March 13, 2017 at 1:49 PM
No one had heard from Chandrayaan-1 since Aug. 29, 2009. That's when the pioneering moon orbiter — the first lunar probe ever launched by the Indian Space Research Organization — abruptly went silent just 312 days into what was supposed to be a two-year mission.
The orbiter has been missing ever since. It's no bigger than a refrigerator and difficult for Earth-based telescopes to discern given the moon's nighttime glow, making the craft hard to track down. Plus, the moon's lopsided topography — riddled with mascons, or areas of dense material with higher-than-average gravitational pull — makes satellites' orbits incredibly unpredictable.
But the silent, stealthy Chandrayaan-1 couldn't evade powerful radio telescopes. Scientists at NASA's Goldstone Deep Space Communications Complex in California's remote Mojave Desert and at the National Science Foundation's Green Bank Telescope in West Virginia worked together to detect the long-lost orbiter by sending out radio waves in its direction and listening for the echoes that bounced back.
"To be declared lost and then found after eight years is a great accomplishment," Krishnaswamy Kasturirangan, the former ISRO chair who helped conceive the moon mission, told the Times of India.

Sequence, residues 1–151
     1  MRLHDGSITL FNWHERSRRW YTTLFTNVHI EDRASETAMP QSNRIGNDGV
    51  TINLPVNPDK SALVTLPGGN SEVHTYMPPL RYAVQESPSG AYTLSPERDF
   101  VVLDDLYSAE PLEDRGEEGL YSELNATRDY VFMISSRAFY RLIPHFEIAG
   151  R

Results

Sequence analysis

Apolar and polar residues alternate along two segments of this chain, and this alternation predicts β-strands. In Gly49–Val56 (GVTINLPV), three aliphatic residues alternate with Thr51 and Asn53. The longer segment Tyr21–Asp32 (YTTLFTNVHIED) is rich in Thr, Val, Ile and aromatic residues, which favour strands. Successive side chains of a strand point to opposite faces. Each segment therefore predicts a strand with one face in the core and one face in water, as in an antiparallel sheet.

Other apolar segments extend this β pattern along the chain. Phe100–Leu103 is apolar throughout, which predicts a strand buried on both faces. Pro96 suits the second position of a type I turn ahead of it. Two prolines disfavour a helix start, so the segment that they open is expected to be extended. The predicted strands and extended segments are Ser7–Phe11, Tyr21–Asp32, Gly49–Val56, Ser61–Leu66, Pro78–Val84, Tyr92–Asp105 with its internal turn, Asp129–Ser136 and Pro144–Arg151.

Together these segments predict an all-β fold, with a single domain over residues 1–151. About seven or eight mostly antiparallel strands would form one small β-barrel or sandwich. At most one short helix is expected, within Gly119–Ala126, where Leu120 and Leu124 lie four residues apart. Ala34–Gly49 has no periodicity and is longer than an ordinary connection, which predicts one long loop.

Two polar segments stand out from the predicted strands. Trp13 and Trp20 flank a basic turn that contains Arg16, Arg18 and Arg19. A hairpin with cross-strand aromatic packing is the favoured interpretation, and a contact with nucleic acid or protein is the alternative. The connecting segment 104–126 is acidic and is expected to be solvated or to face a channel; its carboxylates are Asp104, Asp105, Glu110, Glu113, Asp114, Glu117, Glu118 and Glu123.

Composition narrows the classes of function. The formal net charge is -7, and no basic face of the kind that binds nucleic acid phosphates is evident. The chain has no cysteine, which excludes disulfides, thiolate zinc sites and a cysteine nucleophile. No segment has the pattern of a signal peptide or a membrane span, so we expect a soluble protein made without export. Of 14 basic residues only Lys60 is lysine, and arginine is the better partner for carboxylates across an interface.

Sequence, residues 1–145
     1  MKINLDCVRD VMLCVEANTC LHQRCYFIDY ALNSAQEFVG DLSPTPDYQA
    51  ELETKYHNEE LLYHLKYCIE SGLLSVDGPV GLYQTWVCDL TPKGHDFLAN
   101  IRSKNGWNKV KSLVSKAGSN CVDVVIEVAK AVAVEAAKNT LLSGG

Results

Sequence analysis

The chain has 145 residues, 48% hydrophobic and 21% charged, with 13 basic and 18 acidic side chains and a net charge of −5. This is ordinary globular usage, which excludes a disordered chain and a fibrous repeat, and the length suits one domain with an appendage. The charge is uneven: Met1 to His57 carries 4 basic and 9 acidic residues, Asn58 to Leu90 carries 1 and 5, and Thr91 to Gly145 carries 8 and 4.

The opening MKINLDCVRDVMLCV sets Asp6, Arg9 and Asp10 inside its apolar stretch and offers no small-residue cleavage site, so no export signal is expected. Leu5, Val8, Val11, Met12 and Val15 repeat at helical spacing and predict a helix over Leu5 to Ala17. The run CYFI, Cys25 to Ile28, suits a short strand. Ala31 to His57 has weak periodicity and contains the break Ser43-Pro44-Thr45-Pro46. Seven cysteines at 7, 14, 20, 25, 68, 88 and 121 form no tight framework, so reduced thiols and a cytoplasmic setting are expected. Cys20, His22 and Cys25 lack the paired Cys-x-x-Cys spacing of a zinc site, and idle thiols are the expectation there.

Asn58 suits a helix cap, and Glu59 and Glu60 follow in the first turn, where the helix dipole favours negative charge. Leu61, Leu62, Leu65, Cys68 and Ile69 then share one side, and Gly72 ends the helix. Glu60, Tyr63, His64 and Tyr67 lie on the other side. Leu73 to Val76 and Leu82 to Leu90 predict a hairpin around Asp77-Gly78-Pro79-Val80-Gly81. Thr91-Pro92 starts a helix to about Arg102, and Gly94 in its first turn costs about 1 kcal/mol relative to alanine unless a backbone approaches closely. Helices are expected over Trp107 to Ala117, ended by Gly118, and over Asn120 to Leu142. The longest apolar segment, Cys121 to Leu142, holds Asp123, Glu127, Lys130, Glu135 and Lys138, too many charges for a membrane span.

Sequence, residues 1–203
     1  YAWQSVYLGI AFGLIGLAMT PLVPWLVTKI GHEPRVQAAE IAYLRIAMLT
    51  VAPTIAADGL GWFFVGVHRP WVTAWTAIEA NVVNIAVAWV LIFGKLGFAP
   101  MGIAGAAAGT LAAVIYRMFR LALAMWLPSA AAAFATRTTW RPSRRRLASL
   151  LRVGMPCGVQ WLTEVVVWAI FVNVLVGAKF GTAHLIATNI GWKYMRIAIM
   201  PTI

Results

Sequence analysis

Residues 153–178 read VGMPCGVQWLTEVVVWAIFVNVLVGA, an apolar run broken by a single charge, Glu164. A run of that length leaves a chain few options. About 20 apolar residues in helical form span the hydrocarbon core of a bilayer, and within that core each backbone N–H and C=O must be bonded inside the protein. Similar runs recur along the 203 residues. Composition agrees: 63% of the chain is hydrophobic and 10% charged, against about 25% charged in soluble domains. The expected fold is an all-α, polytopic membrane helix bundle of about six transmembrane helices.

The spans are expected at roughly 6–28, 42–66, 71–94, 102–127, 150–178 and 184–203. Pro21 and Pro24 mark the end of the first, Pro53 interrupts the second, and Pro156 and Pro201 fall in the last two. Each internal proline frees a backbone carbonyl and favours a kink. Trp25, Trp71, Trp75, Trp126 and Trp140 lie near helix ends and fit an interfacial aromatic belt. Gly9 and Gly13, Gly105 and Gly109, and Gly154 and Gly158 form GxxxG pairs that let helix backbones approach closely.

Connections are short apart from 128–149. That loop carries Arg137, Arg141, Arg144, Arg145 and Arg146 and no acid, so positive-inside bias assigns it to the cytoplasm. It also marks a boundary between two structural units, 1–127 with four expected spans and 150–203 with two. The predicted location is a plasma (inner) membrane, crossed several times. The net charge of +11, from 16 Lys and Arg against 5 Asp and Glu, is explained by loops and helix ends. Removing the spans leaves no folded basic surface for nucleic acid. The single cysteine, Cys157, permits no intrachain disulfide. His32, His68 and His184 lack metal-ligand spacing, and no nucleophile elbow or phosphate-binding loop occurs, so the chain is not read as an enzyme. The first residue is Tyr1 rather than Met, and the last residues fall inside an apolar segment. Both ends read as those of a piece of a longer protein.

The search technique, developed by researchers at the Jet Propulsion Laboratory in California, is a new one. Capitalizing on the fact that Chandrayaan-1's orbit takes it over the moon's north pole, they used Goldstone's largest antenna to direct a powerful beam of microwaves toward the spot they expected the probe to be. The antenna is usually used to communicate with spacecraft much farther away — it's still in touch with the Voyager 1 probe way outside the solar system. But it could also be applied much like a police officer's radar gun.
When the microwaves struck Chandrayaan-1, they bounced back toward Earth, where the Green Bank radio telescope was listening. During four hours of observations, Green Bank detected two blips that resembled the signature of a small spacecraft. That timing matched the period of Chandrayaan-1's orbit. The data also provided information about the spacecraft's speed and distance from Earth, which could be used to update projections of its orbit, and subsequent radar observations confirmed the new calculations.
The researchers used the same technique to find NASA's Lunar Reconnaissance Orbiter — an easier task because the LRO is still operational.
But this could be just the beginning of interplanetary radar investigations. The void between planets is filling up with human-made spacecraft, and it's only going to get more crowded. If scientists want to prevent potentially devastating collisions, they're going to need a powerful system to keep track of everything.
"Ground-based radars could possibly play a part in future robotic and human missions to the moon, both for a collisional hazard assessment tool and as a safety mechanism for spacecraft that encounter navigation or communication issues," according to a NASA statement.